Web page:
British telecoms regulator Ofcom has won a judicial review related to its planned sale of spectrum in the 2.3GHz and 3.4GHz bands. According to Telecoms.com, the High Court ruled in the watchdog’s favour after both Three UK and EE had launched legal challenges regarding the auction plans; notably, the former had argued that a proposed spectrum ownership cap had been set too low.
In his ruling summary regarding the case, The Honourable Mr Justice Green said: ‘In the light of my review of the evidence I am clear that the approach taken by Ofcom was comprehensive, coherent and logical … Ofcom’s findings are evidence-based and justified. To arrive at its Decision Ofcom engaged in a detailed predictive analysis of how the market would work in the future under a series of different assumptions and scenarios. It consulted upon its economic and econometric analysis and modelling. In the Decision it sought to strike a delicate balance between protecting competition and consumers, on the one hand, and setting restrictive caps which were not disproportionate to BT/EE. The balancing exercise was sound.’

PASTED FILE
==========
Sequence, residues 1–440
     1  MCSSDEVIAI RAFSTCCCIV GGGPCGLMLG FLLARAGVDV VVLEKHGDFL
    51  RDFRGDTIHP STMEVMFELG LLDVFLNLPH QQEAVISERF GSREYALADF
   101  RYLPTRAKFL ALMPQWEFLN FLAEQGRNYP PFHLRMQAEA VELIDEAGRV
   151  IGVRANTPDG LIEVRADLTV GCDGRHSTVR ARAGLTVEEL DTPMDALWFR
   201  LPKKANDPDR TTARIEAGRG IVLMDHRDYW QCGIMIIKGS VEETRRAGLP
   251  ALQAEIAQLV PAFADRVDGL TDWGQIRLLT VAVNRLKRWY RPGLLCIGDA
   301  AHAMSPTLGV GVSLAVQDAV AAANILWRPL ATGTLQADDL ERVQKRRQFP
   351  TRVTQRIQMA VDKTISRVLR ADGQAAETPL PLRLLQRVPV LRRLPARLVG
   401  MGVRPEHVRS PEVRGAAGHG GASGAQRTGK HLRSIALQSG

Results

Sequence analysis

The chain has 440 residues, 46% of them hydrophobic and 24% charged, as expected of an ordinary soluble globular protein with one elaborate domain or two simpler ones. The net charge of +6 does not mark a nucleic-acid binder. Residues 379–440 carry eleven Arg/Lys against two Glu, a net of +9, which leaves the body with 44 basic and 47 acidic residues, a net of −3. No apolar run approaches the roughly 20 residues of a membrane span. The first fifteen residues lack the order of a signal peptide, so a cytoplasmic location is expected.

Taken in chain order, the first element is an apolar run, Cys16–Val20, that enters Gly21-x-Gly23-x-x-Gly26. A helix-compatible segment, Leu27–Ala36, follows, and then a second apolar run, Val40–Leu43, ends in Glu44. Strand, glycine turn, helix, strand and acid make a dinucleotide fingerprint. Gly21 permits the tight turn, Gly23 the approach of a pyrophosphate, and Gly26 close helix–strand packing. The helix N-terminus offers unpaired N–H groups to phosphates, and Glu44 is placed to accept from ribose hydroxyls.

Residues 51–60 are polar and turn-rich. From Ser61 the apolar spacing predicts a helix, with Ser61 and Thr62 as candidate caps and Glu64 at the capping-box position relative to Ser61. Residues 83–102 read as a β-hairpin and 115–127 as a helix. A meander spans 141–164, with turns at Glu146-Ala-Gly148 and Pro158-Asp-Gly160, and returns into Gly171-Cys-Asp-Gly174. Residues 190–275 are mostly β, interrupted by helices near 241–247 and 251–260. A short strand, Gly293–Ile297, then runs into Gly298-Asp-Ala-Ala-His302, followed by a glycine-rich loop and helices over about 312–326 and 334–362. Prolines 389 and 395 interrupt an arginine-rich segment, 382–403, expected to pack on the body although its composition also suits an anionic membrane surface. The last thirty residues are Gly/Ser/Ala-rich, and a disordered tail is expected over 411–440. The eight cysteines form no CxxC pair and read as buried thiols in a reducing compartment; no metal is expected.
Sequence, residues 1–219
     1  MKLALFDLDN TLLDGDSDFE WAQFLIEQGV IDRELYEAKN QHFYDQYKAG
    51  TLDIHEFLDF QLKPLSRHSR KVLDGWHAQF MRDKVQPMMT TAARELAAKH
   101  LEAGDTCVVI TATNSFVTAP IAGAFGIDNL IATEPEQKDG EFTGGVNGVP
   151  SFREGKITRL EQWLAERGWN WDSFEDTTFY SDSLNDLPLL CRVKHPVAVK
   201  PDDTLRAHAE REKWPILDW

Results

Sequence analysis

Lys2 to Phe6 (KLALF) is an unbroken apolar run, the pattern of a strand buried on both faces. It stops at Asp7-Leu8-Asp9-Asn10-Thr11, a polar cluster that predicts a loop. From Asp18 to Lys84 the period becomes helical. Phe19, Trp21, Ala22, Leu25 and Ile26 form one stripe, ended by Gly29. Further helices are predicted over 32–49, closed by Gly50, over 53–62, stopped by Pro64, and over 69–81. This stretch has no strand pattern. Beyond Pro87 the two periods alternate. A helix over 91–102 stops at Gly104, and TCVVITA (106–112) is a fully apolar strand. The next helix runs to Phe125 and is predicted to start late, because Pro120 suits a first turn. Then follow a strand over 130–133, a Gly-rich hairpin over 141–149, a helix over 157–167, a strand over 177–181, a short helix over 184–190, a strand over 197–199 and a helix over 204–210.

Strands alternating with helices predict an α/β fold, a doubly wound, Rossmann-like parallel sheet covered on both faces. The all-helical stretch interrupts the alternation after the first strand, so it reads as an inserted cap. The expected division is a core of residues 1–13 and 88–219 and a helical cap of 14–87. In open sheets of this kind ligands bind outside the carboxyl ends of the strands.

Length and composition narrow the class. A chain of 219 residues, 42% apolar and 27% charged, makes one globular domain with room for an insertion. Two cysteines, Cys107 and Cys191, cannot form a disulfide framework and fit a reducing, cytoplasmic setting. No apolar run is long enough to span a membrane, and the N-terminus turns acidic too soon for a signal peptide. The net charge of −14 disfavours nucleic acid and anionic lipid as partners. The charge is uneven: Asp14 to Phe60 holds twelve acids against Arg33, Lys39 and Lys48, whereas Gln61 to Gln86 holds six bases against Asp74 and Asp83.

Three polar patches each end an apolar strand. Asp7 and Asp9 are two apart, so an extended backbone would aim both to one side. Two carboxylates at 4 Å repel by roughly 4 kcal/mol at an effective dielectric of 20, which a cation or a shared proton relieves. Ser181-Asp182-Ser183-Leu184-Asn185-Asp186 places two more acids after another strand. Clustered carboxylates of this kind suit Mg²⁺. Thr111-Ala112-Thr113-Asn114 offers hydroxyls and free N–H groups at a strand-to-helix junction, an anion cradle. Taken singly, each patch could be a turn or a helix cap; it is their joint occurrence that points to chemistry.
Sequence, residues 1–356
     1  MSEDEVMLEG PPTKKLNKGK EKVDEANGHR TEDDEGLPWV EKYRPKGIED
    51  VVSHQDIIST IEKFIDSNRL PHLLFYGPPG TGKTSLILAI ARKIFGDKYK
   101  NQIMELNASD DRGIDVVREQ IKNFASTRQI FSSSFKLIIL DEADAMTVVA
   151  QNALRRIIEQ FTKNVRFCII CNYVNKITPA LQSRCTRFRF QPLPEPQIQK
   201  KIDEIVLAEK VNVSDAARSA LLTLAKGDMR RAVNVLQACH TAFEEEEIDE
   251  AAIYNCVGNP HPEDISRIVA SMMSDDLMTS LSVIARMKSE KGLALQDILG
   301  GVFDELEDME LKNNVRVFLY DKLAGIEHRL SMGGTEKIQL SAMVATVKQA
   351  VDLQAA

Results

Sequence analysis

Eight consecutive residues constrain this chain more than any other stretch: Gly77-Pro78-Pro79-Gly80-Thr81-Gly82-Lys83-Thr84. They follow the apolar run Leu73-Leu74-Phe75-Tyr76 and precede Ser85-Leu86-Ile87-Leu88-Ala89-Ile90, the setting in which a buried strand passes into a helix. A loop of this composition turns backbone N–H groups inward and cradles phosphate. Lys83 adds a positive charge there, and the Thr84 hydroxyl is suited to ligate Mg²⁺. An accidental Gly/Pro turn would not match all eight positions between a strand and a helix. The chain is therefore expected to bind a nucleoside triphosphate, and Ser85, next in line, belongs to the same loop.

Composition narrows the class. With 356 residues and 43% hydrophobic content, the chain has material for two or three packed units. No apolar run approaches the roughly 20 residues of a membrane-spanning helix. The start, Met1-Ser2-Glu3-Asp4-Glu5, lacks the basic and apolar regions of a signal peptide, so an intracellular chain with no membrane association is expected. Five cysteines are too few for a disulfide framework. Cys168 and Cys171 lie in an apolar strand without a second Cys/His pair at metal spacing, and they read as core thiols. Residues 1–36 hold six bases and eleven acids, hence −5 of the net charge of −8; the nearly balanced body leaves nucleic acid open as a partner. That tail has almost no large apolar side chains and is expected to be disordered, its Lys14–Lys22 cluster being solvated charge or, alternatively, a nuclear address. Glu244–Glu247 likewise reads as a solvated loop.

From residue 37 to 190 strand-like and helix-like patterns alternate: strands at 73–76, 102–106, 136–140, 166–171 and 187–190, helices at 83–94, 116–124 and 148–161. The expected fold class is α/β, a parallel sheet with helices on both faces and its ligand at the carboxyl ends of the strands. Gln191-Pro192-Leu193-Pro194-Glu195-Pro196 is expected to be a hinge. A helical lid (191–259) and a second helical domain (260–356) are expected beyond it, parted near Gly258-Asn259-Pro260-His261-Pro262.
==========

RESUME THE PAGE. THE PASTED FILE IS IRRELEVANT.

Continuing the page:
In response to the development, EE confirmed it would not appeal the decision, but Three does plan to do so, with a spokesperson for the mobile network operator (MNO) cited as saying: ‘We are disappointed by the initial ruling of the court as a fairer distribution of spectrum is vital for UK consumers and the digital economy … The team at Three is committed to providing the best possible offering for our customers and we are seeking permission to challenge the ruling in the Court of Appeal urgently.’